Asia’s biggest sports event also to serve as cultural, artistic and academic festival
An artistic rendering of the main stadium (IAGOC)
The 2014 Asian Games in Korea’s port city of Incheon will be a festival of not only sports but also of culture, art and academic events, aiming to be the best Asian Games ever held, the head of the organizing committee said.
“We hope the competition will serve as a means to change the perception people all over the world have towards history and sports,” said Lee Yun-taek, president of the Incheon Asian Games Organizing Committee. “The 2014 Incheon Asian Games must be seen as more than taking on the role of enhancing a nation’s prestige, such as how the Olympics and previous Asian Games have played, and so we seek to create a mature event that contributes to creating an Asian culture.”
Part of this “maturity” includes the IAGOC’s preparation of its Vision 2014 program that calls for actively supporting countries with a low track record of winning medals to help realize their dream of clinching a medal. Some of the efforts would include providing training grounds and know-how to raise the chances of these counties taking a medal home. Among the 45-member countries, 12 countries have yet to win a gold medal, while three countries have not yet garnered one single medal.
The Vision 2014 program, a seven-year agenda, features a $20 million budget that has been put into use since 2008. Incheon has invited rising stars of the selected countries, sent top-notch coaches and built sport facilities and equipment.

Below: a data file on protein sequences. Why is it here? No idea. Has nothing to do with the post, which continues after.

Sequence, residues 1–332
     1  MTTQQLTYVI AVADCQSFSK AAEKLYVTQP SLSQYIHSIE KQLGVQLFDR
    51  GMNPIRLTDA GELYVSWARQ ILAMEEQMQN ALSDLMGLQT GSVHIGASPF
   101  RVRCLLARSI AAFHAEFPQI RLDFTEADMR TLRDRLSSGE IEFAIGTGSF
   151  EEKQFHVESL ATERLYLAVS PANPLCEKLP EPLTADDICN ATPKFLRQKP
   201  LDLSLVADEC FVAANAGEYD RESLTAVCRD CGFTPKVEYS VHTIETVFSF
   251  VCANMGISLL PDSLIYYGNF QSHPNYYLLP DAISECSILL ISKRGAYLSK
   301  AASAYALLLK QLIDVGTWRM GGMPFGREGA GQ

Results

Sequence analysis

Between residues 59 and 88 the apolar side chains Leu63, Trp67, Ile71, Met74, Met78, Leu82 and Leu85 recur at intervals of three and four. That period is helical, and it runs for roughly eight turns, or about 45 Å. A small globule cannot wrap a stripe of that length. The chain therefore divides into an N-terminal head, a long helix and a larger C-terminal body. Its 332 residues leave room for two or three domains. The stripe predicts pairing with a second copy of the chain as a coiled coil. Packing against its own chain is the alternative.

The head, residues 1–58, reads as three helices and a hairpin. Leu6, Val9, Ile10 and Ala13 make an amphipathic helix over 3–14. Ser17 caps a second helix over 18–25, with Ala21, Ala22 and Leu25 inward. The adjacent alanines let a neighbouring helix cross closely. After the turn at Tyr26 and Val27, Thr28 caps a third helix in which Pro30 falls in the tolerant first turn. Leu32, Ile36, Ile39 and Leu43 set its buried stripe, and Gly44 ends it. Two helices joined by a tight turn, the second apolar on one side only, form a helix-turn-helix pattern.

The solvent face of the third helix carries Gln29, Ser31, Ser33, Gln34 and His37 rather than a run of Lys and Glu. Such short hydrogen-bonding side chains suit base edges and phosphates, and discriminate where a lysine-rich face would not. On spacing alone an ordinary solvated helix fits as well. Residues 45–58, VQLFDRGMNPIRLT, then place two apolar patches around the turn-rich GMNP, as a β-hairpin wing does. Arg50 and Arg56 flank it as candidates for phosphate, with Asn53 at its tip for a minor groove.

As the 21st century sees the Asian region taking on a greater role in the global economy, the IAGOC said it wants to exert its utmost efforts to make the tournament a success in promoting a truly balanced development of the sports sector for Asians, who account for about 4 billion, or two-thirds of the world’s total population.
Lee Yun-taek, president of the Incheon Asian Games Organizing Committee IAGOC
“We are eying small countries so they can win at least one medal,” Lee said. “When Korea won its first Olympic medal, it was published in textbooks. If the country we helped wins a medal, its people will always remember Incheon and Korea as a friendly nation and comrade.”
The 17th Asian Games will be held from Sept. 19-Oct. 4 in Incheon, 37 kilometers west of Seoul.
“We will also do our best to make this event an opportunity to open the doors to the ‘Asia era’ and strengthen the friendship and cooperation of the Asian community,” Lee said. Lee was the former president of the Korean Olympic Committee and co-chairman of the Korean World Cup Organizing Committee for the 2020 World Cup Korea-Japan.
Incheon as uniting ground
The host city is Korea’s third-largest city and boasts harboring the Incheon International Airport and New Songdo City, an environmentally friendly city developed from scratch in the Incheon Free Economic Zone. The $40 billion development project envisions being one of the world’s most resident-friendly and futuristic city, while serving as the leading global business hub of Northeast Asia.
Korea has had the experience and privilege of hosting the Asian Games two times before -- the first in 1986 in Seoul and the second in 2002 in Busan, the country’s second-largest city.